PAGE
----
Dr. Phibes: You see the water acts like ice. A whole body would take a year to decompose, longer if it was down far enough, cold enough.
Nick Castle: But he was on the boat. He was below decks.
Dr. Phibes: No. Dick Baxter died in the ocean. Remember last October those three kids that went diving for that old boat off the point? We got to 'em, they'd been down a week, maybe ten days. I swear to you right now, he's been down longer.
Elizabeth Solley: Listen, I never hitchhiked before. I just really want to be careful. Can I ask you something?
Nick Castle: Sure
Elizabeth Solley: Are you weird?
Nick Castle: Yes, I am. Yes, I am weird.
Elizabeth Solley: You are weird. Thank God you're weird. The last one was so normal, it was disgusting.
[referring to Stevie Wayne's voice on the radio]
Al Williams: Boy, would I like to meet her.
Dick Baxter: I saw her in the supermarket once.
Al Williams: Yeah?
Dick Baxter: You *would* like to meet her.
[on the phone]
Stevie Wayne: You're just a voice on the phone.
Dan O'Bannon: And you're just a voice on the radio. We'd make a perfect couple. You let me take you to dinner tonight, I'll prove it to you.
Stevie Wayne: Sorry, Dan. My idea of perfection is a voice on the phone.
Tommy Wallace: She's crazy. There's no fog bank out there.
[other men talk]
Tommy Wallace: There's no fog bank out there.
Tommy Wallace: There's no fog bank out there.
[after a moment, fog begins to appear]
Tommy Wallace: Hey, there's a fog bank out there.
Al Williams: All right, I'm drunk enough. Let's go back.
[Nick and Elizabeth are on board The Sea Grass]
Nick Castle: I don't believe in luck, good or bad. I don't believe in anything much. Something did happen once. My father was a fisherman. He ran a trawler out of Whitley Reef. One night, late, he was coming back in. He was out beyond the reef, out near Spivey Point. He looked to windward and saw a brig under shortsail, heading right for him. And he radioed, there was no reply. Nothing moved on deck, but she held her course. My dad and two of his hands, they boarded the brig, the Risa Jane. No one was on board. There was food on the table, and a hot, steaming cup of coffee. But underneath, the tin cup was rusted to the table. And then something caught my father's eye. It was a gold dubloon, minted in Spain, 1867. My dad picked up the coin, put it in his breast pocket of his jacket, and zippered it up. He came home, told us the story, and he unzippered the pocket to give me the coin. It was gone.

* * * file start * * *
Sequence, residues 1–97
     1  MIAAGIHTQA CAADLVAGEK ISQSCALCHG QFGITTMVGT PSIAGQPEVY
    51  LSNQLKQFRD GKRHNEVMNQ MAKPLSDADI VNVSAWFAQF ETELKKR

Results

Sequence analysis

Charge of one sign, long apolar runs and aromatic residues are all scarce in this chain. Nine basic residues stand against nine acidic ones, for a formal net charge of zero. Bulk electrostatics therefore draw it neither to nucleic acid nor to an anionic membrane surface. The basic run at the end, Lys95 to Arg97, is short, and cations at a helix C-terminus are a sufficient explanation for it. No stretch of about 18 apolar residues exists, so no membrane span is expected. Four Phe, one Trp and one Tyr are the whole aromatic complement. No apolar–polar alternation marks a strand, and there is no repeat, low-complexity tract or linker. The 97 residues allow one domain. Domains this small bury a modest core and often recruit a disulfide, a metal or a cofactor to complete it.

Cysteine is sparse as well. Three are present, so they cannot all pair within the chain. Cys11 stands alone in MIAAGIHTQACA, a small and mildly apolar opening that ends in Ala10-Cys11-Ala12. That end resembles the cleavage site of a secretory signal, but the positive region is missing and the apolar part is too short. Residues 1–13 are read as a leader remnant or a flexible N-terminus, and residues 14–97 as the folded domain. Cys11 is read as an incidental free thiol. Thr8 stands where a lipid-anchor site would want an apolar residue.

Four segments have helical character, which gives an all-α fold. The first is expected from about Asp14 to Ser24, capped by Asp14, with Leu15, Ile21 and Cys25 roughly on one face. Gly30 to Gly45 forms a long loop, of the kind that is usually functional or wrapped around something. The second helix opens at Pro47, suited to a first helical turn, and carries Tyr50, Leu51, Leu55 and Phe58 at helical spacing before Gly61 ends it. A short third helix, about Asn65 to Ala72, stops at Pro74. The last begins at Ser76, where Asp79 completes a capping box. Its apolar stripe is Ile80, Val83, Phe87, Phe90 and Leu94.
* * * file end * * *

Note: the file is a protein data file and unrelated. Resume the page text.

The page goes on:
[a locker door opens, spilling charts]
Elizabeth Solley: I think I'll go to Vancouver now.
[Bennett has finished working at the church]
Bennett: Well, I'm finished. Good night, Father.
Father Malone: Good night, Bennett. I'll need you to you come in tomorrow at four.
Bennett: Sure. Father, can I get paid?
Father Malone: Ah... why don't you come in at six tomorrow instead of four.
Stevie Wayne: [speaking hysterically over radio] There's something in the fog!
Stevie Wayne: [speaking into phone] Dan, where's the fog now?
Dan O'Bannon: It should be right outside my front door now.
Stevie Wayne: Well, my gauges must be wrong. I've got a wind blowing due east. Now what kind of a fog blows against the wind?
Dan O'Bannon: You got me.
Stevie Wayne: I'm not so sure I want you.
[Dr. Phibes is recording his examination of Dick Baxter's body]
Dr. Phibes: Evidence of deep penetrating wounds into each ocular orbit, entering into the cranial cavity. Also jagged lacerations to the face. The right area of his throat has been crushed. Thorax has been crushed and the lungs are filled with fluid.
[the pathologist, Dr. Phibes, has just examined the body of Dick Baxter]
Dr. Phibes: What the hell happened out there?
Nick Castle: There was rust all over everything. It was like the boat had been out there a long time, taking on water. He was down below, near the bunks.
Dr. Phibes: Nick, his wounds are covered with algae, his lungs are full, and there's silt under his fingernails. I tell ya, I saw Dick Baxter three days ago in Salinas. Now he's lying there on the table looking like he's been underwater for a month!